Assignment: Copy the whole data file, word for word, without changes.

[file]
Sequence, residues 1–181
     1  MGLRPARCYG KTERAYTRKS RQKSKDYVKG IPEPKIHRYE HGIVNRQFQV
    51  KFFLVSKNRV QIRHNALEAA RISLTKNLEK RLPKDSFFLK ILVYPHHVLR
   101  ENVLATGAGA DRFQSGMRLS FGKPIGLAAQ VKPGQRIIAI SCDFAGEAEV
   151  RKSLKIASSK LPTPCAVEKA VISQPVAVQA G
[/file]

Sequence, residues 1–181
     1  MGLRPARCYG KTERAYTRKS RQKSKDYVKG IPEPKIHRYE HGIVNRQFQV
    51  KFFLVSKNRV QIRHNALEAA RISLTKNLEK RLPKDSFFLK ILVYPHHVLR
   101  ENVLATGAGA DRFQSGMRLS FGKPIGLAAQ VKPGQRIIAI SCDFAGEAEV
   151  RKSLKIASSK LPTPCAVEKA VISQPVAVQA G